- The Washington Times - Wednesday, November 25, 2015


It is a number that would even give frantic political pollsters pause. Americans will enjoy 46 million turkeys on Thanksgiving Day. And it’s no wonder. Almost nine-out-of 10 Americans - 88 percent - tuck into a plate of turkey on the big day, and they put away an estimated 736 million pounds of it according to the National Turkey Federation, a trade association. Two thirds of Americans say eating leftovers is the best part of the meal, however.

But wait, there’s more. On Thursday, Americans will also help themselves to 30 million green bean casseroles - the iconic Thanksgiving staple consisting primarily of green beans, mushroom soup and crumbled onion topping. The startling figure comes from Del Monte, the canner of green beans and just about everything else. The manufacturer polled 3,000 people on their casserole habits to find that the dish is most popular in the state of Louisiana, where it appears on 60 percent of the holiday tables. It is least popular in North Dakota and Hawaii, where the casserole only makes it to 18 percent.

Del Monte also reveals that bacon leads among the nation’s home chefs as the most popular “secret ingredient,” followed by mushrooms,cheese, grilled onions, almonds and sausage.

A cultural note: the casserole is now 60 years old. Dorcas Reilly, a home economist at the Campbell Soup Company, actually invented the casserole in 1955, using her employer’s Cream of Mushroom soup, frozen green beans and fried onions. She is now included in the National Inventor’s Hall of Fame.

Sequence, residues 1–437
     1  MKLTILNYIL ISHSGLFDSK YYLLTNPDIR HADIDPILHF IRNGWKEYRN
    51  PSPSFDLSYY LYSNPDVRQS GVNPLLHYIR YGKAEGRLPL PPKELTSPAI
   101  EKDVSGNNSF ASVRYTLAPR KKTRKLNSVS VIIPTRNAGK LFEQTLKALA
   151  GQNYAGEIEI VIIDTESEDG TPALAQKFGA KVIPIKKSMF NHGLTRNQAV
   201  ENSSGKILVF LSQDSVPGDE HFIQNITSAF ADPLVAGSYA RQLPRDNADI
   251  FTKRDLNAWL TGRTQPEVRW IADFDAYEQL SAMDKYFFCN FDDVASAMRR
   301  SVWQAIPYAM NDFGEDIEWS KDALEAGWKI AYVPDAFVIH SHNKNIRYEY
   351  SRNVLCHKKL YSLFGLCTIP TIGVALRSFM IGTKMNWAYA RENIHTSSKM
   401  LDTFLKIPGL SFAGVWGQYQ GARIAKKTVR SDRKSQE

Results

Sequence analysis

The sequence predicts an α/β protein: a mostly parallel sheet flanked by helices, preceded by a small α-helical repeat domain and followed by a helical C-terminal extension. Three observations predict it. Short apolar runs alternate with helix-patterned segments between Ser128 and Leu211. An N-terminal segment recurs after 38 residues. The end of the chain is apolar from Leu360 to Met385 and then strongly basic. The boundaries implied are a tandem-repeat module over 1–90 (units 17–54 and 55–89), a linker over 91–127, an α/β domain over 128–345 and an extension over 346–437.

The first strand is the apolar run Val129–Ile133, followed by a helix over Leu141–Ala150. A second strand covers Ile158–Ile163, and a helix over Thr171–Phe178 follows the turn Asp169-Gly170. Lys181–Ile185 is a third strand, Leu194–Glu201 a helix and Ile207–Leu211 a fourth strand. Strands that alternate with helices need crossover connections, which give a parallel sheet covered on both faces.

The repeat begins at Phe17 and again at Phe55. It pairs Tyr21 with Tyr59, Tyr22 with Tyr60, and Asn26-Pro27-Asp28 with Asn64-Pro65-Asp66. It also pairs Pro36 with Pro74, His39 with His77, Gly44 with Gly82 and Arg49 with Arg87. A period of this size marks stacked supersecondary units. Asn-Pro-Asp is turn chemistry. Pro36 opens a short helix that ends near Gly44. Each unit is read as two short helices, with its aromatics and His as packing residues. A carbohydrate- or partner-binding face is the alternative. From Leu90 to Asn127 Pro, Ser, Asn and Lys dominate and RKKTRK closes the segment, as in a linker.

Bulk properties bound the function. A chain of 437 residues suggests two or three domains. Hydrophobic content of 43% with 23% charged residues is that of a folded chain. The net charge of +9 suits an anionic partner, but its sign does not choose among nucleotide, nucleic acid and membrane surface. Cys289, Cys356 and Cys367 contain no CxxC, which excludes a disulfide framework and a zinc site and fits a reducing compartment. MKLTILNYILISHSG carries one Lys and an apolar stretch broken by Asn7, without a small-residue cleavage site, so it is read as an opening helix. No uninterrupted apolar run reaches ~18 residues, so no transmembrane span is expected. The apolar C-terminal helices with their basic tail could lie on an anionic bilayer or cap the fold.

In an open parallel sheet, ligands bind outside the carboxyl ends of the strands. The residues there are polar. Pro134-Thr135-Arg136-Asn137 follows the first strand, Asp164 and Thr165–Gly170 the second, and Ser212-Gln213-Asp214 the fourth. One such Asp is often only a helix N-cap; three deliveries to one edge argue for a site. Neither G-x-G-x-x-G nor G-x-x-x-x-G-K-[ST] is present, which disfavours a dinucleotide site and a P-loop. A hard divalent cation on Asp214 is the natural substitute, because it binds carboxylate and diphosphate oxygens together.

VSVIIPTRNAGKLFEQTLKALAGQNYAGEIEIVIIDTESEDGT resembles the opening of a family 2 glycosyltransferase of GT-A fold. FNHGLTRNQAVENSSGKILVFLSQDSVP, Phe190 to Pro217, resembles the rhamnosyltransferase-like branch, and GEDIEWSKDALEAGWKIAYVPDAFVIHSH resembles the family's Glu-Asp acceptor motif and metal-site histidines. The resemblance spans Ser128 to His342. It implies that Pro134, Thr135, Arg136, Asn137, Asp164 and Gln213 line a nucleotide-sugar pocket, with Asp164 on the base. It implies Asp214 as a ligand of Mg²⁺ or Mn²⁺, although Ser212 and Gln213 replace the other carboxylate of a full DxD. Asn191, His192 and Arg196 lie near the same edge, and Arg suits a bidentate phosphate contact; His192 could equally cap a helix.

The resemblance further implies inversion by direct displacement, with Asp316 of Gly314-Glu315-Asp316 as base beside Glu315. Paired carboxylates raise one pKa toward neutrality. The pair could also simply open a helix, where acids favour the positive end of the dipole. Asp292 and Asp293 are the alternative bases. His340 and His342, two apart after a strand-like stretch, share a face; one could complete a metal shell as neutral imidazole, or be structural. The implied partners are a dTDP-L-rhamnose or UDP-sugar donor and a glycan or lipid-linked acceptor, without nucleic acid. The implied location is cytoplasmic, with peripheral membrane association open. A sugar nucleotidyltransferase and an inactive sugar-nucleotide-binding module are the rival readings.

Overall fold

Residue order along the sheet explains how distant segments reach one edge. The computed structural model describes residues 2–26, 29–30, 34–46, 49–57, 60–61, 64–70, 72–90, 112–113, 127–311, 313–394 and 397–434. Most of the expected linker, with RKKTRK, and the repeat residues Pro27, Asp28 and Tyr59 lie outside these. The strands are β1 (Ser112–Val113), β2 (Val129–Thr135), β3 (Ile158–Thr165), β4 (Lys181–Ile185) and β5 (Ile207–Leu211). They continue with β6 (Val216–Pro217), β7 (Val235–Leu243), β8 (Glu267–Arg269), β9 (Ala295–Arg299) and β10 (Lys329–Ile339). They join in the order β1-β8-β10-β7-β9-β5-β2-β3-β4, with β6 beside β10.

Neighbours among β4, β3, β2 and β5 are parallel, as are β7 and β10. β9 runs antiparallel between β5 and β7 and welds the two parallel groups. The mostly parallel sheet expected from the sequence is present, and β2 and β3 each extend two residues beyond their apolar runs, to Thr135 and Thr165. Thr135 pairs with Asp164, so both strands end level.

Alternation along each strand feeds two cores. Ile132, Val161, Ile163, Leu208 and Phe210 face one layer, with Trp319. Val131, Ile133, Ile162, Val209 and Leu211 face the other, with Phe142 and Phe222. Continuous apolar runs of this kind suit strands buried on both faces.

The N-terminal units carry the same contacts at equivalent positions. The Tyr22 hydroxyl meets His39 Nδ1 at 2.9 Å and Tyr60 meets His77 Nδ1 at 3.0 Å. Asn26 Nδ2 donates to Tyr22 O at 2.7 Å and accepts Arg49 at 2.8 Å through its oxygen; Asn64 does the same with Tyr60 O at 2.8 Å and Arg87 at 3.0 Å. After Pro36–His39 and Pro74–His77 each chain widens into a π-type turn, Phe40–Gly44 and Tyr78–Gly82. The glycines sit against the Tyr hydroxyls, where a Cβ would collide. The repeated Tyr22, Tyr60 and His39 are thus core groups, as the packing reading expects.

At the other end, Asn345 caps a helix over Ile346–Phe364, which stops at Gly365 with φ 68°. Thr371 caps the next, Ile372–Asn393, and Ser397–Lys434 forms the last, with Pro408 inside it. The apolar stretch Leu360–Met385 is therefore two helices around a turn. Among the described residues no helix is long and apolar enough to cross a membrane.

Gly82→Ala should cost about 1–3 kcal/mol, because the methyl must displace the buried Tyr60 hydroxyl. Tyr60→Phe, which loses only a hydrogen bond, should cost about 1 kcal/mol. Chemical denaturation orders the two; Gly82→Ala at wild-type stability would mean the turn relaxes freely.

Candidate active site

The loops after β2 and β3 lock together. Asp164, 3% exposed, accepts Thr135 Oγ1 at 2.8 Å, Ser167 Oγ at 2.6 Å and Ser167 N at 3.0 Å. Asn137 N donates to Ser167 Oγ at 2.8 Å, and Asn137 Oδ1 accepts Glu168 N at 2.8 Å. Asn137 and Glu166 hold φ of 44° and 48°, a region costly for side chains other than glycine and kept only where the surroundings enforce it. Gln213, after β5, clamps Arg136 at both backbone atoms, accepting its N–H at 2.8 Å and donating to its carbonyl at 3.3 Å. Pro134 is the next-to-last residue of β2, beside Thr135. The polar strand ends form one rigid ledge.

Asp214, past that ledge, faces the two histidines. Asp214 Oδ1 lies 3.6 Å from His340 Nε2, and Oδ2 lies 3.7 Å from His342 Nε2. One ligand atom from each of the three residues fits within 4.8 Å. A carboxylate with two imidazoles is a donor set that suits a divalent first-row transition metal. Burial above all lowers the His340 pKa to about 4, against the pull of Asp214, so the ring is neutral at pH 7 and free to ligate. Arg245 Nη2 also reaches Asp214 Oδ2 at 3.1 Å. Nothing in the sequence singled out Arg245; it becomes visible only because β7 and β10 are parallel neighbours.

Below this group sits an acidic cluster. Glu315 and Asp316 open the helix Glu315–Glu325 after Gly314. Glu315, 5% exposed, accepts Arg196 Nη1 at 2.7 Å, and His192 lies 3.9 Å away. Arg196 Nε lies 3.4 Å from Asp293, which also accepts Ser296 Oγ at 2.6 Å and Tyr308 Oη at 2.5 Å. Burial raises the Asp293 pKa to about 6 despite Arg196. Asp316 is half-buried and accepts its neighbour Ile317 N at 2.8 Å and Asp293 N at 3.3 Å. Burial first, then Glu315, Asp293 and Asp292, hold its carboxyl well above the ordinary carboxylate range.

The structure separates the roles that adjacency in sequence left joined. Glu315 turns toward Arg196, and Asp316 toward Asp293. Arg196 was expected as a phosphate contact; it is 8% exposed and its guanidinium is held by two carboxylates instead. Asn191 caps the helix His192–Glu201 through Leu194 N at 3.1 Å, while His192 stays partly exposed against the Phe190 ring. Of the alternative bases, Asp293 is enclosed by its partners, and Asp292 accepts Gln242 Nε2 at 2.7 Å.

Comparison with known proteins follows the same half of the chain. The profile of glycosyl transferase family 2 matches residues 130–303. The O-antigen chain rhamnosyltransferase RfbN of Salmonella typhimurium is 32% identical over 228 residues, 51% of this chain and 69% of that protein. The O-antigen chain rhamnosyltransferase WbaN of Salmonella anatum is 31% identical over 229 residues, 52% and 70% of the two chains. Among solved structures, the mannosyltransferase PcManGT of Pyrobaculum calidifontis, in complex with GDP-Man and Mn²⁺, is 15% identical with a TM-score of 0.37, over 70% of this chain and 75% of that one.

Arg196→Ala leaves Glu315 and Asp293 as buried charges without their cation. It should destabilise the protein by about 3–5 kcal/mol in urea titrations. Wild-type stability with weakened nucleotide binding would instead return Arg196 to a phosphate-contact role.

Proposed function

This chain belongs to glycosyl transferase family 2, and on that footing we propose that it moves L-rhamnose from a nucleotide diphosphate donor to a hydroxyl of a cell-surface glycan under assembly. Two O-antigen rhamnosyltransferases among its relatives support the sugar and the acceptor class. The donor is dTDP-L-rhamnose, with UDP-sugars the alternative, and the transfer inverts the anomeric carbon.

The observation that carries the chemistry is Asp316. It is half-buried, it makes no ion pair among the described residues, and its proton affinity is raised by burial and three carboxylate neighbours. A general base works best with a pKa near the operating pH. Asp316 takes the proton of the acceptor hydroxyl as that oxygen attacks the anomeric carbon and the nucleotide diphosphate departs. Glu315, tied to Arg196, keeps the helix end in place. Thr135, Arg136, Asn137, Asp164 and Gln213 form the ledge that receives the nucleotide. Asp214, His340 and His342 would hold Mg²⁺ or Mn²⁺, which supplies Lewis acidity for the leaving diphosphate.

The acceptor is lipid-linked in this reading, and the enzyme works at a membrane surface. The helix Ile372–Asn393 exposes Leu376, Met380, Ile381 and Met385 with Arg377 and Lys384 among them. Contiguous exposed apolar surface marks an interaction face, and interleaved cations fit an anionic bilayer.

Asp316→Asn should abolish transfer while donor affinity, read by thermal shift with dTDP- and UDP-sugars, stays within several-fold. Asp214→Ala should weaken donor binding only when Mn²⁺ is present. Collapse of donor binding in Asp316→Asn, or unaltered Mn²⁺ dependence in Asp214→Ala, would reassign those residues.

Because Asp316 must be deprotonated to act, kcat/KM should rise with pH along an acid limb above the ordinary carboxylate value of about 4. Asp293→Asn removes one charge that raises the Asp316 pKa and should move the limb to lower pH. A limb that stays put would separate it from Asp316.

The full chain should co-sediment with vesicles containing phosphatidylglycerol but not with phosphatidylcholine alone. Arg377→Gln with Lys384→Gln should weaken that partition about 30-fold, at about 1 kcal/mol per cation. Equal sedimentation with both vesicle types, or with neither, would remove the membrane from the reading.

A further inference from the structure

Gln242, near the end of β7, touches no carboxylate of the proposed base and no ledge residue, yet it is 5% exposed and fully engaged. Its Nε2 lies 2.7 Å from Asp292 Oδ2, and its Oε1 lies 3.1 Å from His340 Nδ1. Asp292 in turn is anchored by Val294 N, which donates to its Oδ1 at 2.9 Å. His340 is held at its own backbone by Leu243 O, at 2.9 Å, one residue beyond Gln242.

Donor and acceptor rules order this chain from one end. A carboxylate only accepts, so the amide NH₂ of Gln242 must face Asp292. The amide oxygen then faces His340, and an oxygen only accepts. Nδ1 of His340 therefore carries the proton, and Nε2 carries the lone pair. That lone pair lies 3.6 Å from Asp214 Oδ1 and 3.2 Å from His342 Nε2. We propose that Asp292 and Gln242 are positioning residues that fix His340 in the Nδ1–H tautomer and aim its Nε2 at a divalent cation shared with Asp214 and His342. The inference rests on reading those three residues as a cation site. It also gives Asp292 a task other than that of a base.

And about those T-Day pies. The nation is now in “pie season,” according to the American Pie Council - yes, an industry group. Among many things, the group found that Americans name apple pie as their favorite, followed by pumpkin, pecan, banana cream and cherry. The group estimates that 6 million men between the ages of 35 and 54 have eaten the last slice of holiday pie, then denied it. One out of five Americans have eaten a pie all by themselves.

In the meantime, even Nielsen Media - known primarily for tracking TV audiences - has taken to examining the nation’s Thanksgiving habits. Thirty five percent of yearly cranberry sales occur this holiday week, Nielsen says. Thanksgiving also accounts for roughly 29 percent of yearly bakery pumpkin pie sales. It’s also a big week for those who “out source” their big meal.

“Since 2010, the week of the Thanksgiving holiday has been the highest selling week of the year for both prepared deli sides (which includes items like potato sides and stuffing) and prepared deli entrees, which were driven by turkey entrée sales,” Nielsen notes in an analysis this week.

“The week of Thanksgiving has also consistently been among top-selling weeks for prepared deli platters. Thanksgiving is also a big week for deli dips and spreads, which saw a compound annual growth rate of 8.1 percent from 2010 to 2014, outpacing that of other prepared deli categories.”

Sales also go up for prepared fresh vegetables, packaged salads, carbonated vegetables, beer and salty snacks. Sales of chocolate, however, take a tumble.

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